As news of a prisoner hunger strike finally begins to trickle out from Guantanamo, rest assured any wrongdoing will be pinned on a few bad apples. However, even a cursory glance at U.S. treatment of enemies captured during military interventions will demonstrate that the goings-on at Gitmo (or Abu Ghraib for that matter) are standard operating procedure for the home of the brave.
During the Second World War, for example, it required a mouthpiece none other than prominent racist Colonel Charles A. Lindbergh, Jr. to expose American tactics in the Pacific. His sentiments are summed up in the following journal entry:
“It was freely admitted that some of our soldiers tortured Jap prisoners and were as cruel and barbaric at times as the Japs themselves. Our men think nothing of shooting a Japanese prisoner or a soldier attempting to surrender. They treat the Jap with less respect than they would give to an animal, and these acts are condoned by almost everyone. We claim to be fighting for civilization, but the more I see of this war in the Pacific the less right I think we have to claim to be civilized.”
“When Lindbergh finally left the Pacific islands and cleared customs in Hawaii,” says author John Dower, "he was asked if he had any [Japanese] bones in his baggage. It was, he was told, a routine question.”
While the treatment of Japanese POWs was commonly little more than making sure there were no Japanese POWs, those Axis soldiers captured in the European theater often learned firsthand how good the good guys were.
“Before the invasion of Sicily, General Patton told his men to accept no surrender from enemy soldiers who continued to fire within the highly lethal 200-yards range,” says historian Michael C.C. Adams. “At Biscari, U.S. troops killed thirty-four unarmed prisoners who had given up at the correct distance, but these GIs had seen buddies killed, and they didn't feel that a few yards made any difference...[Even] Audie Murphy told new men to take no prisoners and to kill Axis wounded.”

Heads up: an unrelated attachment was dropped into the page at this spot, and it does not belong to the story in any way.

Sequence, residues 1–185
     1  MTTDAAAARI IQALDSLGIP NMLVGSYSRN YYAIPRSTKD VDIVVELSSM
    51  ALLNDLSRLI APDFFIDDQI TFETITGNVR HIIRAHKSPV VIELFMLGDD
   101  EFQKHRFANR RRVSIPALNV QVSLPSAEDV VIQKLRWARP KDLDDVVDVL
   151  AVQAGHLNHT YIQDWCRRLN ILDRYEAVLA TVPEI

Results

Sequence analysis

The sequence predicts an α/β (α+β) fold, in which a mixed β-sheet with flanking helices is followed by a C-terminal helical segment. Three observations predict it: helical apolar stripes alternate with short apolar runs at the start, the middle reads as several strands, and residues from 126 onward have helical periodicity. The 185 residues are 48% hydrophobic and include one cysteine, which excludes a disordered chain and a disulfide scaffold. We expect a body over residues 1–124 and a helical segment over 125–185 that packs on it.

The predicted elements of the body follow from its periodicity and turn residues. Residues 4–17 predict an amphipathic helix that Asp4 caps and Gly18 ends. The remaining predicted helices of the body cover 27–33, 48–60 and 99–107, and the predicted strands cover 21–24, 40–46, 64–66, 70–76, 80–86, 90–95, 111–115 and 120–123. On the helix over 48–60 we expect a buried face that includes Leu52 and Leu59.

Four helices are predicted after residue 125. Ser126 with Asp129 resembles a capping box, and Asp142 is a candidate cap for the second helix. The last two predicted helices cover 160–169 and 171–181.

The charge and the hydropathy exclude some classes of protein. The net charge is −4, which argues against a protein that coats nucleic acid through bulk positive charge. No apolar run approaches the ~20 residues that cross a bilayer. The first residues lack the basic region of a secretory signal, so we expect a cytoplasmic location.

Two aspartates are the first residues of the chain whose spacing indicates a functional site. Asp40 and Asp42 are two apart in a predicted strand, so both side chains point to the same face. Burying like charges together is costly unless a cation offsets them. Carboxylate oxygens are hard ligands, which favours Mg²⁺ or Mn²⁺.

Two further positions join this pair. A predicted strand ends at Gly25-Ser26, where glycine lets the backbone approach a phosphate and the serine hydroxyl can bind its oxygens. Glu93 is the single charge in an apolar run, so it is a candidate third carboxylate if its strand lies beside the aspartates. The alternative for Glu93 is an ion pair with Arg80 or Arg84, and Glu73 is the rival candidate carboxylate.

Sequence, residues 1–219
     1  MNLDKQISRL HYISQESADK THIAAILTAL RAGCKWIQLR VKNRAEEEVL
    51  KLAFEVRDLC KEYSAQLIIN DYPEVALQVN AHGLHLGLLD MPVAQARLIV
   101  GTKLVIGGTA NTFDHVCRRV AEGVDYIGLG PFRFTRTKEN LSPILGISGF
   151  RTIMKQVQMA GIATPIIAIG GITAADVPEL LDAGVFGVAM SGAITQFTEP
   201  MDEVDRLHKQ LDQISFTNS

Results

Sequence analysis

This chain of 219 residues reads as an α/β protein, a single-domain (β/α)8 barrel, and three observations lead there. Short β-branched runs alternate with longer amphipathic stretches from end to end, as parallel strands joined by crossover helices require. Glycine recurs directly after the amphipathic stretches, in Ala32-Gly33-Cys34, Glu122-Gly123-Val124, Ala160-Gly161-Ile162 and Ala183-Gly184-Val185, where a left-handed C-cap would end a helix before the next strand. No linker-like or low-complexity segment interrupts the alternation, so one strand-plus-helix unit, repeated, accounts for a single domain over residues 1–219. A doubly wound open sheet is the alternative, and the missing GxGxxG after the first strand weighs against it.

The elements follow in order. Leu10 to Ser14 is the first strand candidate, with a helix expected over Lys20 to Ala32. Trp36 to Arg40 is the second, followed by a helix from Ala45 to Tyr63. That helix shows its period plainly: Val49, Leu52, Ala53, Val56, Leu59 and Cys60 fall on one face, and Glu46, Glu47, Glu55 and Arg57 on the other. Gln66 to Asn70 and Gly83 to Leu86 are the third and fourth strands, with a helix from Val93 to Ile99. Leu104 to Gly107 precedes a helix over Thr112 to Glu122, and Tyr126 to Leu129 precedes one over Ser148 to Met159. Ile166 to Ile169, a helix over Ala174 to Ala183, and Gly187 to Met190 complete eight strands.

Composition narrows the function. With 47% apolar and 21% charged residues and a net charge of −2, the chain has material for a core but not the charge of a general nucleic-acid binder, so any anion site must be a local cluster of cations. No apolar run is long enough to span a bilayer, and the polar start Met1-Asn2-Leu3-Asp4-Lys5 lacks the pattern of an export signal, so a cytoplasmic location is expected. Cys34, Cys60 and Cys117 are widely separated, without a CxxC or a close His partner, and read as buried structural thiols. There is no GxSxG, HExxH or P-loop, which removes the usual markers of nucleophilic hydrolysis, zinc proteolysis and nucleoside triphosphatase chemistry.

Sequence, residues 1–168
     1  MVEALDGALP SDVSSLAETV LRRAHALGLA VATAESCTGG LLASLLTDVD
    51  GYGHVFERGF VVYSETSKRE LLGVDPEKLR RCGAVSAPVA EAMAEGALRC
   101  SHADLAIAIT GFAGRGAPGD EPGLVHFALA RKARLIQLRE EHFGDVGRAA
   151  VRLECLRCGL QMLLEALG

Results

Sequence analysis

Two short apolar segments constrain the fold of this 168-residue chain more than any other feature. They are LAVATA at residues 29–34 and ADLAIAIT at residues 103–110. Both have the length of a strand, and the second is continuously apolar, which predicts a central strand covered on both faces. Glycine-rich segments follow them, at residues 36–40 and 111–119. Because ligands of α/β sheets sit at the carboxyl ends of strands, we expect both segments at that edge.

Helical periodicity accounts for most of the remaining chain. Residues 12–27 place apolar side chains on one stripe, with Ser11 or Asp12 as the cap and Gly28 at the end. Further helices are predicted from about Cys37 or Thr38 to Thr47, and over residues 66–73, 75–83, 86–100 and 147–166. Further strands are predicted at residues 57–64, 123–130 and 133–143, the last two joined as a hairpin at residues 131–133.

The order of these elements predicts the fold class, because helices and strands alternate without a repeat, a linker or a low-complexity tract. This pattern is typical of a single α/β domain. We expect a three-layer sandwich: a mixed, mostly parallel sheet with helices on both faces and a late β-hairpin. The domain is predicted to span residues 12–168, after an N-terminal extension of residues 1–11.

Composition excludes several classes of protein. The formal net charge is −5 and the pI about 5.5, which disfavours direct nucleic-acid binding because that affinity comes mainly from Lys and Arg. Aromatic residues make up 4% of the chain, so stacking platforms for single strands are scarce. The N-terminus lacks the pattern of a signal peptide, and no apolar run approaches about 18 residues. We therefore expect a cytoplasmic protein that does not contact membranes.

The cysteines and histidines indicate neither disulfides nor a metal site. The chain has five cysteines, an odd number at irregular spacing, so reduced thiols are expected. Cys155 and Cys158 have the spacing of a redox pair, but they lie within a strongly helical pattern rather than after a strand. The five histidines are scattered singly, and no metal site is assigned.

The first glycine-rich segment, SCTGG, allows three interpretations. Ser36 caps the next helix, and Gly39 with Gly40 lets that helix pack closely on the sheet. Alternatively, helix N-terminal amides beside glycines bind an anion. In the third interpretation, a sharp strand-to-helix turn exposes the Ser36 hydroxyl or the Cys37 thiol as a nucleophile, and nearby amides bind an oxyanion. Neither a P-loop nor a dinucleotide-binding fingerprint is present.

Many of those who were actually taken prisoner may have soon wished they were killed. “Captured Germans held in France under the command of General Dwight D. Eisenhower were systematically starved,” writes David K. Wright while another 676,000 or so German prisoners were shipped to the United States between 1942 and 1946.
Alexander Cockburn adds: “In U.S. camps, POWs were starved to the point of collapse, performed 20 million man-days of work on army posts and 10 million man-days for contract employers. Some were assigned to work for the Chemical Warfare Center at Edgewood Arsenal in Maryland.”
Some 372,000 German POWs in the United States were forced -- at the behest of Eleanor Roosevelt -- to undergo a re-education program, “to return them to ‘Christian practices’ and to reject ‘German thinking,’” says Cockburn. “As time wore on, the name of the program was changed to 'intellectual diversion.’”